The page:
false sense of cultural understanding as “‘drive-by difference’ [that] presents difference
and the other as something that can be ‘safely’ met or experienced—at a distance” (Boler
2007, 146).
2. In their study of friend connections in social network sites, Liu, Maes, and Dav-
enport formulated the term “taste fabric” to describe users’ creation of alternative net-
works for community formation (qtd. in Ellison and Boyd 2007).
3. See Boler (2007) and Galloway (2007) for two excellent examples of new media
critique that incorporate critical race theory.
4. “The International Game Exchange states that the ‘2005 marketplace for virtual
assets in MMOG’s is approaching 900 million,’ and that ‘some experts believe that the
market for virtual assets will overcome the primary market—projected to reach 7 billion
by 2009—within the next few years’” (Consalvo 182).
5. Geert Lovink writes that “by 2005, the Internet had recovered from the dot-com
crash and, in line with the global economic figures, reincarnated as Web 2.0” (Lovink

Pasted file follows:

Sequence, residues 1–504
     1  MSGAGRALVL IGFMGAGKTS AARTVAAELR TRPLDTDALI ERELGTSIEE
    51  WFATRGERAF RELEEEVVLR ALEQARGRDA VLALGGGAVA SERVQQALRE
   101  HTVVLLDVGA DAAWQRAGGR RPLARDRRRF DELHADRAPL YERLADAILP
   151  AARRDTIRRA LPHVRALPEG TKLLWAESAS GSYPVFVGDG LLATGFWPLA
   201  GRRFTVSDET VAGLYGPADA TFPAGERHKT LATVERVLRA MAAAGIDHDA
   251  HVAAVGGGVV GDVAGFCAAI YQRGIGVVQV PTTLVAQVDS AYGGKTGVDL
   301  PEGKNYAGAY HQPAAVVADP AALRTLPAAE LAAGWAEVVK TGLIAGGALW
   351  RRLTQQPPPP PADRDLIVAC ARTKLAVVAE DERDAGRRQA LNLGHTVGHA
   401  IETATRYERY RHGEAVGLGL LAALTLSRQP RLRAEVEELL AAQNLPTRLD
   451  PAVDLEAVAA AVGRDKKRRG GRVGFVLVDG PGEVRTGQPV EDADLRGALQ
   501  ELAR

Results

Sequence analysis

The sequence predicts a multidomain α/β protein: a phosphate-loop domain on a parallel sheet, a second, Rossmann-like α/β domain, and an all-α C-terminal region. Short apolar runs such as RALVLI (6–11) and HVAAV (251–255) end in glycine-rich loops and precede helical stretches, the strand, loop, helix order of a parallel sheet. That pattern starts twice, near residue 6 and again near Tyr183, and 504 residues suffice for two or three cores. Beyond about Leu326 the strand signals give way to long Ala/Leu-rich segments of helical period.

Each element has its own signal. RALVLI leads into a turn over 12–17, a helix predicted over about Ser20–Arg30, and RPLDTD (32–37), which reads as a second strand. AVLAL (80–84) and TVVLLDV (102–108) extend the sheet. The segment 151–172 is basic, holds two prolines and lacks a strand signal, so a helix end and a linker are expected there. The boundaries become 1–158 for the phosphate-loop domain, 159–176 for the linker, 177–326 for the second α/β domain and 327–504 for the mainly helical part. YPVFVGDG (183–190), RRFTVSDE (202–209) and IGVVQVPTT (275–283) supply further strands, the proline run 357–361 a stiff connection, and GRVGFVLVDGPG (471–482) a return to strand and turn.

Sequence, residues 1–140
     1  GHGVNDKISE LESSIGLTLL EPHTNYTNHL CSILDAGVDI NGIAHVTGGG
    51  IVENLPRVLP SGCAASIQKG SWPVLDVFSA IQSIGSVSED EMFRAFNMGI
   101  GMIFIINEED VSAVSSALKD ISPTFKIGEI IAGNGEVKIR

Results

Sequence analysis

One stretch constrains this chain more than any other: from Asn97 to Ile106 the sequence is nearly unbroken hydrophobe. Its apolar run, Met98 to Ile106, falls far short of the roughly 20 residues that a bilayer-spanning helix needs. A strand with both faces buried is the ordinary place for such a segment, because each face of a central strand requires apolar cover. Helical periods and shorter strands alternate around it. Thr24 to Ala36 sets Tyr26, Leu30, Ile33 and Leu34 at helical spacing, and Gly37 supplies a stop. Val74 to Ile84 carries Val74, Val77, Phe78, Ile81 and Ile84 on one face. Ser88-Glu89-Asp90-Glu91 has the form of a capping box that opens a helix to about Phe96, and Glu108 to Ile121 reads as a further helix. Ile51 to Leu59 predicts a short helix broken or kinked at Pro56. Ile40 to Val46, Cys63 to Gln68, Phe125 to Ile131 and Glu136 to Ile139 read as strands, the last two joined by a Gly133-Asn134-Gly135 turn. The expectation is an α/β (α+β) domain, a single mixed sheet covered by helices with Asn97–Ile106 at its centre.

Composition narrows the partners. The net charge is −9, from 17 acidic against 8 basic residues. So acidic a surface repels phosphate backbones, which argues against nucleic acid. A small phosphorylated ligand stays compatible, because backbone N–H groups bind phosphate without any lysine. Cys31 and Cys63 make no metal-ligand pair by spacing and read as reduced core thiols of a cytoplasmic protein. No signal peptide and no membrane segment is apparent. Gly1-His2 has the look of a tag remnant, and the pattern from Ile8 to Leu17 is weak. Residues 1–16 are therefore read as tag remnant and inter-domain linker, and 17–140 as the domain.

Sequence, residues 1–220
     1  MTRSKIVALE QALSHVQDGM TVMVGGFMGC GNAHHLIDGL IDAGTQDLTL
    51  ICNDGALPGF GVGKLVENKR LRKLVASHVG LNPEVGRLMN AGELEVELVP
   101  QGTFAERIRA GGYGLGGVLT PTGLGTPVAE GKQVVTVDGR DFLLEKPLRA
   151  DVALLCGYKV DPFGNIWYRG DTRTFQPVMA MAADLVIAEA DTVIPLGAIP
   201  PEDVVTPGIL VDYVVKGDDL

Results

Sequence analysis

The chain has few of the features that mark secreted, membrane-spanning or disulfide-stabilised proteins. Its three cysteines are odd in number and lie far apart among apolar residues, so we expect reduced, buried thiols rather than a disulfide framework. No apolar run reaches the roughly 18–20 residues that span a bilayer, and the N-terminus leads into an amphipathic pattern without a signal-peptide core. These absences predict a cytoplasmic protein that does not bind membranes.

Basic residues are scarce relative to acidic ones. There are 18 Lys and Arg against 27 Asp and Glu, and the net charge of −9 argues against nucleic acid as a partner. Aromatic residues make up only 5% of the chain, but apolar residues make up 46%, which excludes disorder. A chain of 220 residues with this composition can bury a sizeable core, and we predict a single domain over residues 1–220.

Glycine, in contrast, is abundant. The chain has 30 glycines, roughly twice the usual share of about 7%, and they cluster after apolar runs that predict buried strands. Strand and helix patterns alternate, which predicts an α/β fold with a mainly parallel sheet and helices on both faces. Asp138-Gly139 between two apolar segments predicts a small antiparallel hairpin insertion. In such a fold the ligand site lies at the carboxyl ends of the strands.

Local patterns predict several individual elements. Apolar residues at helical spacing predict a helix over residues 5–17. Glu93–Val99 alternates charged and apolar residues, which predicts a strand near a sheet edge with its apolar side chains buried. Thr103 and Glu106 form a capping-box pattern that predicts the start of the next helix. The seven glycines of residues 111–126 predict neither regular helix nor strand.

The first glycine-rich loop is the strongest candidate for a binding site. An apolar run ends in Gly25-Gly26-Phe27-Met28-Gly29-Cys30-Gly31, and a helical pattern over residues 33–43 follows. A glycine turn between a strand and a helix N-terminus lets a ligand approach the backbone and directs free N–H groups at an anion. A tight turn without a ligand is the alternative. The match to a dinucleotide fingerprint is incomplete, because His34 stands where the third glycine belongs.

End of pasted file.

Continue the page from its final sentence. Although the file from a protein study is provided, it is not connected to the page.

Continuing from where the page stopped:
2007, ix).
6. The “Chinese Backstreet Boys” had been viewed over six million times on YouTube
as of March 26, 2008. When a user typed in “Backstreet Boys” as a search query on this
site, the Chinese video for “That Way” came in as number seven, ahead of some of the
“official” Backstreet Boys content.

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Becoming and Belonging
Performativity, Subjectivity, and the Cultural Purposes
of Social Networking

k Rob Cover

What Is Faceb o ok For?

A problem with the ways that social networking sites have been investigated
and discussed by researchers, journalists, and public commentators is that much
of the time, just one out of a broad range of purposes, uses, tools, functions, or